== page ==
Holding a Board of Trustees meeting in a room with no heat apparently gets the maintenance money moving. At least, that’s what happened earlier this month at the City College of San Francisco.
Reportedly, boilers on the Mission, John Adams, and Ocean campuses have been broken for as much as two to three years. Boiler failures have meant that teachers have conducted classes in (literally) near-freezing temperatures.
To dramatic effect, one CCSF instructor passed out hand-warmers to the Board as it attempted to conduct a meeting in the same environment that teachers must hold classes. The instructor says the CCSF administration gave her handwarmers when she complained about the lack of heat in her classroom. Additionally, other instructors say that the space heaters the administration provided are either too small to be effective or they overtax the electrical system in the classrooms.
No one could explain why the heat problems have gone unrepaired. To no one’s surprise, the Board of Trustees at City College of San Francisco announced that they had approved the use of $2.6M to repair boilers on three of the institution’s campuses. Currently, the temperature in the college’s classrooms range from 42°F to 55°F. The repairs are supposed to be complete by this summer.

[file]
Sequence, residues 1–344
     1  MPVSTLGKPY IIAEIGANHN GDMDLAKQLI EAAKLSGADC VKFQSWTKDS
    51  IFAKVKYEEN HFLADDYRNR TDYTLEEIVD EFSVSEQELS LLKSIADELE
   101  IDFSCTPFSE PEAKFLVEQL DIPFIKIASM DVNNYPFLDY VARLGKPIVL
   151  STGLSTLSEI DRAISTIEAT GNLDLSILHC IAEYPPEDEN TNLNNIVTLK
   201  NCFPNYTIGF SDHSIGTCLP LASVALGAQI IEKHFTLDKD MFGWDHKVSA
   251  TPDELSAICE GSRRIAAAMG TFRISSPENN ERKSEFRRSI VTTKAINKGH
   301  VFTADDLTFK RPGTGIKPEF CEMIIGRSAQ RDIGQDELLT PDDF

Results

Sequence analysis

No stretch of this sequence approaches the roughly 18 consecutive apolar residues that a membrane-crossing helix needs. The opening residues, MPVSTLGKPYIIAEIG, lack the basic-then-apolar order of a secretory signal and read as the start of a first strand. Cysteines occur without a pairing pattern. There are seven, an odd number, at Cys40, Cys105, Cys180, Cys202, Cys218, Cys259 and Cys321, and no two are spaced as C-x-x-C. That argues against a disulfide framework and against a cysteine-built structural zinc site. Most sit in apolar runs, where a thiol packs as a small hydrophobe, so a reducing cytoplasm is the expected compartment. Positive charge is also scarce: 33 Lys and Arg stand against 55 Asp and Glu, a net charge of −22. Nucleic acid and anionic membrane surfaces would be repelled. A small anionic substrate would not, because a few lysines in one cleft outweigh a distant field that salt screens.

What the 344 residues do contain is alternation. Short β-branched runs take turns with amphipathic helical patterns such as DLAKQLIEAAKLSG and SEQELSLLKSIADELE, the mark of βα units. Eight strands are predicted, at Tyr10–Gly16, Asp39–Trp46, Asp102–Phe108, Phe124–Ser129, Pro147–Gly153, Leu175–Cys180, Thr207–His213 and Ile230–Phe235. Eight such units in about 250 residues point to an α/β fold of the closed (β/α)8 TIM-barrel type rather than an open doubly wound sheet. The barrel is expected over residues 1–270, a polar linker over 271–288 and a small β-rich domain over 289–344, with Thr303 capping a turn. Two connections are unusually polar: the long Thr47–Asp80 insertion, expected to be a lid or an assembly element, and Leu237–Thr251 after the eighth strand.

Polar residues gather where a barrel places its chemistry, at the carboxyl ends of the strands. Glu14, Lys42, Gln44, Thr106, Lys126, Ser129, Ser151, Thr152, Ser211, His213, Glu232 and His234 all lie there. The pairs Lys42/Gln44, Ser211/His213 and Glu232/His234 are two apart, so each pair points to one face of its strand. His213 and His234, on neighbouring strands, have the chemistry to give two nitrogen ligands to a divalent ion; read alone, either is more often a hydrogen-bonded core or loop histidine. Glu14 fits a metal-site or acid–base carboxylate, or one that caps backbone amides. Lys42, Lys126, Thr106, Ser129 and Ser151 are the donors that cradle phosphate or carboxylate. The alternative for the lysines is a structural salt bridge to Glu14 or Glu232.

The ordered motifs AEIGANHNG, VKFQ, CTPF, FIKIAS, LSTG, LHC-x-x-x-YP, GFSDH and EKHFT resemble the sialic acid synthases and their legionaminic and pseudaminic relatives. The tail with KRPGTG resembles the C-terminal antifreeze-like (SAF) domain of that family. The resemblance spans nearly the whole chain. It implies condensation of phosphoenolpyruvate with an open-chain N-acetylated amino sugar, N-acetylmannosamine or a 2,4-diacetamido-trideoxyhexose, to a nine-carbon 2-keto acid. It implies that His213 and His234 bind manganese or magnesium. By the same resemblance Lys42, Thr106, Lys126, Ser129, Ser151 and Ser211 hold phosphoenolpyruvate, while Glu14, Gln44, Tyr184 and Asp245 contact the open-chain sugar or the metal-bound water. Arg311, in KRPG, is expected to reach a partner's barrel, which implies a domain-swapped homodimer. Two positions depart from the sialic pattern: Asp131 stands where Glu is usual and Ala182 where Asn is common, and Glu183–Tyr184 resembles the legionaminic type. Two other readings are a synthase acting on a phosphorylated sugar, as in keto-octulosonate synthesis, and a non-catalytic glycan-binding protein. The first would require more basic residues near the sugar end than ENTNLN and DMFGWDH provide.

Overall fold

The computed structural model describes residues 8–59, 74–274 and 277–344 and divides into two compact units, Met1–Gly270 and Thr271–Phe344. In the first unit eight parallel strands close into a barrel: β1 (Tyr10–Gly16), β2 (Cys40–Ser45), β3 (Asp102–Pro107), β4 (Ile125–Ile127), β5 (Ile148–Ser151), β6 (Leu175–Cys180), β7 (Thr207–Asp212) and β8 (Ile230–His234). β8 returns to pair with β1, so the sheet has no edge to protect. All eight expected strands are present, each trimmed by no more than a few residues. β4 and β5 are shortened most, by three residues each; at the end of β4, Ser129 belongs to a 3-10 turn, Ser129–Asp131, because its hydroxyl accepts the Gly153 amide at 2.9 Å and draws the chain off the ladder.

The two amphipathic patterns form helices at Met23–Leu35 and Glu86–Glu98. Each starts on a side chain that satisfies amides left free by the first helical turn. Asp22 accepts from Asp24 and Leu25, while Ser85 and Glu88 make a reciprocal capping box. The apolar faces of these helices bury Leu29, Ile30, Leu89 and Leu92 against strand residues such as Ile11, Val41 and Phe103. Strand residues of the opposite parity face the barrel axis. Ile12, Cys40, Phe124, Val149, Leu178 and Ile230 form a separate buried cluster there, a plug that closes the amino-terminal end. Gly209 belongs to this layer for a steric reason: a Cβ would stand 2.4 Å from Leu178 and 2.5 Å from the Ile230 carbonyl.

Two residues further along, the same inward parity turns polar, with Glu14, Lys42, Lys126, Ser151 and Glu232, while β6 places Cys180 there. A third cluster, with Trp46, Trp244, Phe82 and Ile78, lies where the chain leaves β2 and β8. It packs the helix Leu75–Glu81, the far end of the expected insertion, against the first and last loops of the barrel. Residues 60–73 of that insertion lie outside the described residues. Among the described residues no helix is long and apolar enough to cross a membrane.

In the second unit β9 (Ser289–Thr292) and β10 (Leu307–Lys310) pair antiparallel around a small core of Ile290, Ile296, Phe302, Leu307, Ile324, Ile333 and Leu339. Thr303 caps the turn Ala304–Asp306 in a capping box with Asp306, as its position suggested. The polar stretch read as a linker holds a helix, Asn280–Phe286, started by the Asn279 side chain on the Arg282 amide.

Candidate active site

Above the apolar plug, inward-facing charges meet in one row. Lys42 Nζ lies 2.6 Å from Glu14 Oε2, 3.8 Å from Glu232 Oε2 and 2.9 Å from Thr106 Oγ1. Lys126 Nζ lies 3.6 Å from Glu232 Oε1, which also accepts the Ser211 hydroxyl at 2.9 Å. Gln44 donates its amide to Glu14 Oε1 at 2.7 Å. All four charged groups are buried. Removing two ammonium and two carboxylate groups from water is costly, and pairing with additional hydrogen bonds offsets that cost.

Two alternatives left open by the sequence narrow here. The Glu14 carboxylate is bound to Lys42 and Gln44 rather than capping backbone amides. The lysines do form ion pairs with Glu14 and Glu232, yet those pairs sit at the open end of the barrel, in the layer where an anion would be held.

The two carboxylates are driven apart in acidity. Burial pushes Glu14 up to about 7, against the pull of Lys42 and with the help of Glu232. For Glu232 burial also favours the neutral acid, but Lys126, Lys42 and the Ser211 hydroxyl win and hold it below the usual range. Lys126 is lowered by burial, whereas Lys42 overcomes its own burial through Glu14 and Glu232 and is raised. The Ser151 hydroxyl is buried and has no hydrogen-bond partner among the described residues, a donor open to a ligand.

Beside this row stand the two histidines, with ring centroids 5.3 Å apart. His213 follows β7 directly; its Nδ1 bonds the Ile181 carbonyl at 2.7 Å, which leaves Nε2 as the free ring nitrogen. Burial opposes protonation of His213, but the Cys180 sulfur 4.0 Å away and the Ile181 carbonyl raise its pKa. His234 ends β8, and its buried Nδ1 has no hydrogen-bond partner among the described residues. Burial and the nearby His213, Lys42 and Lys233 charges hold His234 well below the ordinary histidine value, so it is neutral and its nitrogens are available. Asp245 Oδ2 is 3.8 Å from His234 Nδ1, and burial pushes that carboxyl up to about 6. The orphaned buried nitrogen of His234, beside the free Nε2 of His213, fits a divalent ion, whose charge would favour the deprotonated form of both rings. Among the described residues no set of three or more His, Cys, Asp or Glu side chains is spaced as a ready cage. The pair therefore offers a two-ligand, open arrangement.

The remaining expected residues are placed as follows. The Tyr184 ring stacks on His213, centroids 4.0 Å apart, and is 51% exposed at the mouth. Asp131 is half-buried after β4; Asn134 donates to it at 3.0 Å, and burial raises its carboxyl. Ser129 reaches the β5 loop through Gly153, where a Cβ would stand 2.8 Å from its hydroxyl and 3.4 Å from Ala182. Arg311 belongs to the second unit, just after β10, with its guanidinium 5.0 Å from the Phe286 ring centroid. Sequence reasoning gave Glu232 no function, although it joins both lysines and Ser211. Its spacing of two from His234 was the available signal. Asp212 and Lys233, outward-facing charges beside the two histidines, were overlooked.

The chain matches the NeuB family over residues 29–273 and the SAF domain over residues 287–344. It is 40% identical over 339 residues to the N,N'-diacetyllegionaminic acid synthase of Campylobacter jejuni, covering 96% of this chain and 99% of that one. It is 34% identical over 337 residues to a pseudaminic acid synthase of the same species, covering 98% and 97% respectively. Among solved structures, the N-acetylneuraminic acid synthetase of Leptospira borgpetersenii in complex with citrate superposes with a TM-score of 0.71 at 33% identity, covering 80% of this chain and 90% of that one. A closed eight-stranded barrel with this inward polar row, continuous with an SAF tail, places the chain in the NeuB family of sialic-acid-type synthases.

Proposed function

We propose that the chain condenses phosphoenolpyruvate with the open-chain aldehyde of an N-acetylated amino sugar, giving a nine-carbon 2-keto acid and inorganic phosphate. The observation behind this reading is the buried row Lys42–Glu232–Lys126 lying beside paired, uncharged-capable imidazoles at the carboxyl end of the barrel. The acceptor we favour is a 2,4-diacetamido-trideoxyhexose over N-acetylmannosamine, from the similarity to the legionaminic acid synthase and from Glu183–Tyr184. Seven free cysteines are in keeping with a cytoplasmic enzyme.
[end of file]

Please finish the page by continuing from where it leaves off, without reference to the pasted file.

The fact that the faculty and students had to host a demonstration for the benefit of the Trustees may come as a surprise. Area voters authorized an $845M bond issue in 2020 specifically to construct and repair the college’s buildings. All the money has been spoken for, and of course, none of it was allocated for maintenance of the campus boilers. During the meeting, Board Chair Alan Wong promised to hold the CCSF administration and the Board itself accountable for the heat problem.
Oversight and maintenance are not major priorities
There are two things that have caught my attention here. First, the Board has not been providing oversight of the Administration as it is supposed to. If the Board were functional, the heat in campus buildings would be on. Period. And something as important as boiler maintenance would have been prioritized in the list of projects that the voters paid for in the 2020 bond request.
Second, it is clearly more important to the Administration to build new than it is to provide maintenance for what they already have. No higher education administrator should be permitted to create more of what it already refuses to take care of. Higher education facilities are too damned expensive to allow them to rot for lack of basic maintenance on systems like heat and proper electrical service.
This is why community college Boards must adopt and enforce asset protection clauses as a condition of employment for the college President. Putting that person’s job on the line every single day may be the only way to emphasize the importance of prioritizing the care and maintenance of the facilities.
Photo Credit: Charles Hackley , via Flickr